“I prayed about this decision and it was a hard decision to make and it was a hard thing to carry out. I agonized over it. I’m still satisfied now that I did the right thing. The public hearing I felt wouldn’t solve anything — we need to heal,” Moon said in defense of his decision.
Clampitt, who is committed to pursuing the public hearing even if all the commissioners aren’t present, is currently looking into possible civil rights violations in the commissioners’ decision to cancel the public hearing.
“They first approved ... then they take the decision into a 180-degree reversal. (Sam Moon) is the same person that made the motion to have a meeting. That’s a denial, and when you go into denial, that restricts rights and freedom of speech. There is potential this thing could escalate. Actually, there’s a bigger issue at hand, and that is civil rights and liberties,” Clampitt said.
The next step
Nothing official can commence on the cash settlement until the National Park Service publishes its final decision, which is not expected until the end of September. After publishing their official decision in favor of the cash, the original parties from the agreement would likely get back together and draw up a new contract to specify a cash settlement rather than construction of a new North Shore Road.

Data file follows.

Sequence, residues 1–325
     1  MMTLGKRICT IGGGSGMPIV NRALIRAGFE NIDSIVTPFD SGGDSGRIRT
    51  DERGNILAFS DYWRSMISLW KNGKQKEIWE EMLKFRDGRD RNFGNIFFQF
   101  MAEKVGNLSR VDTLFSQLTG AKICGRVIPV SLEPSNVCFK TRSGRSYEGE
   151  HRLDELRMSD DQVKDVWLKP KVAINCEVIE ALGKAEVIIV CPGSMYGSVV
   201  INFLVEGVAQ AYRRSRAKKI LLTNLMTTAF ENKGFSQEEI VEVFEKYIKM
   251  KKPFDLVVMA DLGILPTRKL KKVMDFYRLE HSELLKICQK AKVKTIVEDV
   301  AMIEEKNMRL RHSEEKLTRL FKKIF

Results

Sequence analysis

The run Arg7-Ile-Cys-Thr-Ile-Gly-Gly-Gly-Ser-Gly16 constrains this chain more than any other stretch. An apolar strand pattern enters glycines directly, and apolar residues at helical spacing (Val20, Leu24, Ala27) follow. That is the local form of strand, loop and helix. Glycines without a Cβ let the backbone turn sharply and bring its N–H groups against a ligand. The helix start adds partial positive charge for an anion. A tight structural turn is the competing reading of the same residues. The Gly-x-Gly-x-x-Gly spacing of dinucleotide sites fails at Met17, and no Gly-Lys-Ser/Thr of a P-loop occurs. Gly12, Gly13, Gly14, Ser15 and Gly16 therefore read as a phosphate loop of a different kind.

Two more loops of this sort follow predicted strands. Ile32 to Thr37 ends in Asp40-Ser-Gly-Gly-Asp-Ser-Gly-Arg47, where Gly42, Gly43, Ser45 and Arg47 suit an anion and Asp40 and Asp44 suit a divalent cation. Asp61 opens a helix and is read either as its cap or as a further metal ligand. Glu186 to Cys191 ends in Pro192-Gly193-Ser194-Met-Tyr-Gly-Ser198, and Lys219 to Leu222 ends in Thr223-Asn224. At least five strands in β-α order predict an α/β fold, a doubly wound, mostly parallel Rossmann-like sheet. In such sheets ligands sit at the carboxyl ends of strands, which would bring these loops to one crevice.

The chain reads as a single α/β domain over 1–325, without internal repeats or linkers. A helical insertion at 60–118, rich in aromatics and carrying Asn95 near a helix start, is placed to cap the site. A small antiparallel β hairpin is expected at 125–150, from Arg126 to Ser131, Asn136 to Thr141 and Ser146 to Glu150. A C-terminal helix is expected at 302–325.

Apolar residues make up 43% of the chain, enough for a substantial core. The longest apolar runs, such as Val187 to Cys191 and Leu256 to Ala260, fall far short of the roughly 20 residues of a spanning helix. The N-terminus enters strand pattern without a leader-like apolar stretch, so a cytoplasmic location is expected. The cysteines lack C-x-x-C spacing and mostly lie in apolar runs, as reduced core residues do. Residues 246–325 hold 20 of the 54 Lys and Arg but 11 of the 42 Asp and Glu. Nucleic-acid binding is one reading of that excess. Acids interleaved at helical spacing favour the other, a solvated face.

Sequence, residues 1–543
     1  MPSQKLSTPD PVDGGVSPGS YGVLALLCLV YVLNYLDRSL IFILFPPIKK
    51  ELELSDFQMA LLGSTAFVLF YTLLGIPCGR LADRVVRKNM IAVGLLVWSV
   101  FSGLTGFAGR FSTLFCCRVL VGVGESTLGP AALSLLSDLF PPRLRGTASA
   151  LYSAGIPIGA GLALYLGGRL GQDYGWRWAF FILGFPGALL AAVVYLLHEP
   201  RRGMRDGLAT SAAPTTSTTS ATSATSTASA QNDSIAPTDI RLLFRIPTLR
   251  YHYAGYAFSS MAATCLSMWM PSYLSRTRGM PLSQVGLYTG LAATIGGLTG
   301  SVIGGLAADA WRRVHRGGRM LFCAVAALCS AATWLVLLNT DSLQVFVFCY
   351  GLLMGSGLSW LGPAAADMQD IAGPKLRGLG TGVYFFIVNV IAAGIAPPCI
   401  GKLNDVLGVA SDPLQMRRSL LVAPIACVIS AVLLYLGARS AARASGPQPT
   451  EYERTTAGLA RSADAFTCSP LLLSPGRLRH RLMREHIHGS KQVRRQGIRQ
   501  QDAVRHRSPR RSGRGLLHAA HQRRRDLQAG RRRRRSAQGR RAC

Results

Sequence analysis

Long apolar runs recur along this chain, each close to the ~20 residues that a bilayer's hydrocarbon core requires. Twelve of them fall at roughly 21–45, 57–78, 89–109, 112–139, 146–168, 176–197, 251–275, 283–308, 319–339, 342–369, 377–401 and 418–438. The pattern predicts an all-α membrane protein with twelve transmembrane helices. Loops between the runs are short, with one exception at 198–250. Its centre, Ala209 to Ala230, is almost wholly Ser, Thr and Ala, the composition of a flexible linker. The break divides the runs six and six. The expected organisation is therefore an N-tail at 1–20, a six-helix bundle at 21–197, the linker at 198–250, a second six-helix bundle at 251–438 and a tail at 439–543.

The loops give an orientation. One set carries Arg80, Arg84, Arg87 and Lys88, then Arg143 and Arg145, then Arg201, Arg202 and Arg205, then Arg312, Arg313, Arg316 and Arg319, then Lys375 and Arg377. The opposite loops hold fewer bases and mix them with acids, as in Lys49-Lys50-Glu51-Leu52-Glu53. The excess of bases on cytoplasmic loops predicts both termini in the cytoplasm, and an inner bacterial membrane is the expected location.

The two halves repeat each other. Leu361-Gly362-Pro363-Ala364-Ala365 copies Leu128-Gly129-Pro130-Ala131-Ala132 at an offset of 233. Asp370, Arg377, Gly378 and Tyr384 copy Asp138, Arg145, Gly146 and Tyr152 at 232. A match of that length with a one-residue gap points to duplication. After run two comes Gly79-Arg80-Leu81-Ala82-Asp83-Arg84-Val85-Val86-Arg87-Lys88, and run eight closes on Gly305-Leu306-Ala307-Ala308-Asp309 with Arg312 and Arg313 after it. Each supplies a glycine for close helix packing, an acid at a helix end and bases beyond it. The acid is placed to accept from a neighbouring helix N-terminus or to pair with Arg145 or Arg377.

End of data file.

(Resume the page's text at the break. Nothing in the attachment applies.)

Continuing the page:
Meanwhile, it was announced July 12 that Sen. Lamar Alexander, R-Tenn., working with Sen. Elizabeth Dole, R-N.C., has introduced legislation to allow $6 million in unspent money originally earmarked for road construction to be used as a down payment toward the cash settlement.
According to Rep. Heath Shuler’s press secretary Andrew Whalen, a similar proposal is being crafted in the House. Shuler, D-Waynesville, is currently working with the Appropriations Committee on a House version of the same item, which will go up for a vote in the next two weeks. If that version is passed in the House, the budget item will then go before a conference committee.
After some wording is worked out, the two versions of the budget items will be reconciled and made available for a second vote. Whalen says the final budget items will likely be voted on by Sept. 30.
Greg Kidd of the National Parks Conservation Association said that if the cash settlement ends up being the ultimate outcome of the 64-year-old North Shore Road debate, he and others from the environmental camp will make sure Swain County sees the money. Many national environmental groups fought against road construction.
“It’s not the conservation community’s plan to just walk away. We’ll stay until we get the cash settlement,” he assured.